A federal jury found a Florida man guilty of failing to file a Report of Foreign Bank and Financial Accounts (FBAR), making a false statement to the IRS, and willfully failing to file tax returns.
According to court documents and evidence presented at trial, from 2005 to 2015, Mark Anthony Gyetvay of Naples, Florida, concealed his ownership and control over substantial offshore assets and failed to file and pay taxes on millions of dollars of income. After working as a certified public accountant (CPA) in the United States and Russia, Gyetvay became the chief financial officer of Novatek, a large Russian gas company. Beginning in 2005, Gyetvay opened two different accounts at a bank in Switzerland to hold substantial assets, which at one point had an aggregate value of over $93,000,000. Over a period of several years, Gyetvay took steps to conceal his ownership and control over these funds, including removing himself from the accounts and making his then-wife, a Russian citizen, the beneficial owner of the accounts. Additionally, despite being a CPA, Gyetvay did not file his 2013 and 2014 U.S. tax returns.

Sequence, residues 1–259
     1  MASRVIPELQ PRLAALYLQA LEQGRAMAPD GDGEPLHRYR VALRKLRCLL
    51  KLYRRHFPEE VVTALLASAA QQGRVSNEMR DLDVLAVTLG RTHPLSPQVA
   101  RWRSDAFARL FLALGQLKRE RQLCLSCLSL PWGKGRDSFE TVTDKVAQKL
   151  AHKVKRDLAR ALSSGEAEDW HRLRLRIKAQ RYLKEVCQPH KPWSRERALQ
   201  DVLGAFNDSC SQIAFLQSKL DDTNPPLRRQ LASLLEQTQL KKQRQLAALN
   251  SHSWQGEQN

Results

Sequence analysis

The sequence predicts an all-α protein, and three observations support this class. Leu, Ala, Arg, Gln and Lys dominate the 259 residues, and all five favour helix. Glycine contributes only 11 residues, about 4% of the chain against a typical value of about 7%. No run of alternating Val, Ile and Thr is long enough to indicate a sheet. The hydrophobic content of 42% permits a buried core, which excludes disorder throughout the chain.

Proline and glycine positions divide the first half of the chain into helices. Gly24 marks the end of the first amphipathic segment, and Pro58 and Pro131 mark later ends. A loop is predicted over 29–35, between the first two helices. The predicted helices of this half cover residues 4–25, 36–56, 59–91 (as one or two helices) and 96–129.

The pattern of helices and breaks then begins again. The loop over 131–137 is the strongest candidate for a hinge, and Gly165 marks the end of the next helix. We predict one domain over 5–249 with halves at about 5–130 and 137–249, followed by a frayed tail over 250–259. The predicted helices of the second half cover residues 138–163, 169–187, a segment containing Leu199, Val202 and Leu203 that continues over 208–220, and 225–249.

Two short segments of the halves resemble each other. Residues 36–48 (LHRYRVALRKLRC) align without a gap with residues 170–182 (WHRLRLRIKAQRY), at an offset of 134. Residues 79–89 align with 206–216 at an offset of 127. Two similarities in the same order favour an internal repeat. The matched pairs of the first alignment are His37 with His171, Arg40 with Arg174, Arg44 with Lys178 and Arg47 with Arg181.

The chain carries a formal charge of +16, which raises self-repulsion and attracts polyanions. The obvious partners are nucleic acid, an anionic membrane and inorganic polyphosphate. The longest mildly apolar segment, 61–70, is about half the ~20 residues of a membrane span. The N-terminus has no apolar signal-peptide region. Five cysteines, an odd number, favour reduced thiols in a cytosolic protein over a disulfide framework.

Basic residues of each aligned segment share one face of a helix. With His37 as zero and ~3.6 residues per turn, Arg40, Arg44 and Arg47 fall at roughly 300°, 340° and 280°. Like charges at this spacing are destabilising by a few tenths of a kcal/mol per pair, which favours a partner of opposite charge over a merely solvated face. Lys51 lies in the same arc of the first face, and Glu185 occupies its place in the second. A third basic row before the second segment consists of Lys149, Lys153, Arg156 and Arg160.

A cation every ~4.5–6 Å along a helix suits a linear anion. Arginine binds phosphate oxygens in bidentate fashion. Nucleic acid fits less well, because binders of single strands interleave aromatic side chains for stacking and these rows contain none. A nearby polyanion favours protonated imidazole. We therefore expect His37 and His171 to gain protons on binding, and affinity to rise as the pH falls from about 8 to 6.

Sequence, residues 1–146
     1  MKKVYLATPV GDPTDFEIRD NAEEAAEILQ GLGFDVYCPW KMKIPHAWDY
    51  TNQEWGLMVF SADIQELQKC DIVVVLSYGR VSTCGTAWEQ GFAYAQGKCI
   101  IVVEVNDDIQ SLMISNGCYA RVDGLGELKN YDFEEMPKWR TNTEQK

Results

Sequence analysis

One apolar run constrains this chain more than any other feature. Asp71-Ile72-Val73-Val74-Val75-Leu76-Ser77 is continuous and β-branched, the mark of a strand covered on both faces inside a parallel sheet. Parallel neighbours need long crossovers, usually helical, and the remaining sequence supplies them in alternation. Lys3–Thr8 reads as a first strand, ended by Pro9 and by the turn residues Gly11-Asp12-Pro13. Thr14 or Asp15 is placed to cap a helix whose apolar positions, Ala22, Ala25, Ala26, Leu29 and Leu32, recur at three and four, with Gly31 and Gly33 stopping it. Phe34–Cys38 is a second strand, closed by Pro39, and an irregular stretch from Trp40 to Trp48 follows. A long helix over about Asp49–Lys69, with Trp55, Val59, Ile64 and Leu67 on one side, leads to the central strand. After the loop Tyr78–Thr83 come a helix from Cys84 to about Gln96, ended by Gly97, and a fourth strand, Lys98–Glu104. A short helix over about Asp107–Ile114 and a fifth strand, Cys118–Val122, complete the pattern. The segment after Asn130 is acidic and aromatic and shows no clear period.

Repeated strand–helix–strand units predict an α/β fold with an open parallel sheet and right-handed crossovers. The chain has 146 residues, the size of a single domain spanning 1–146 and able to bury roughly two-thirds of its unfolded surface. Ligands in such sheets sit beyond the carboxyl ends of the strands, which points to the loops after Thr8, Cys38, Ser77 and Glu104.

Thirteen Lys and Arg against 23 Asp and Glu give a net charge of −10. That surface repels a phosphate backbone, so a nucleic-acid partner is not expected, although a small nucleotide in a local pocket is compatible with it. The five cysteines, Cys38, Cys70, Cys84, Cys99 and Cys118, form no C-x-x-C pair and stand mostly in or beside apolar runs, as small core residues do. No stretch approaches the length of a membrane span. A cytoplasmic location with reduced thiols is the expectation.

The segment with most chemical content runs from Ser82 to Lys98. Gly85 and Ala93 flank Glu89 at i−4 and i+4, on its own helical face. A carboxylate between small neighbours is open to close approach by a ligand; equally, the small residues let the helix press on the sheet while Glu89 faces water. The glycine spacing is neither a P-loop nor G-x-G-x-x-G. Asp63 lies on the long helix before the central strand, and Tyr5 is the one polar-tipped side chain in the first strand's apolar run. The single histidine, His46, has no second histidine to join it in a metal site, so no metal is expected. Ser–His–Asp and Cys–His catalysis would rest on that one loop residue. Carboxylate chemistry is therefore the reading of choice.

Gyetvay did not file FBARs, as required, to disclose his control over the Swiss bank accounts, at times, rejecting his accountant’s recommendation to do so. In an unsuccessful attempt to avoid significant financial penalties, Gyetvay made a false filing with the IRS using the Streamlined Foreign Offshore Procedures, available only to taxpayers whose failure to report offshore assets and income is due to non-willful conduct.
He is scheduled to be sentenced on September 21, 2023, and faces a maximum penalty of five years in prison for failing to file an FBAR, five years in prison for making a false statement and one year in prison for each willful failure to file a tax return. A federal district court judge will determine any sentence after considering the U.S. Sentencing Guidelines and other statutory factors.
Acting Deputy Assistant Attorney General Stuart M. Goldberg of the Justice Department’s Tax Division made the announcement.
IRS-Criminal Investigation is investigating the case.
Senior Litigation Counsel Stanley Okula, Assistant Chief David Zisserson and Trial Attorney Kevin Schneider of the Justice Department’s Tax Division are prosecuting the case.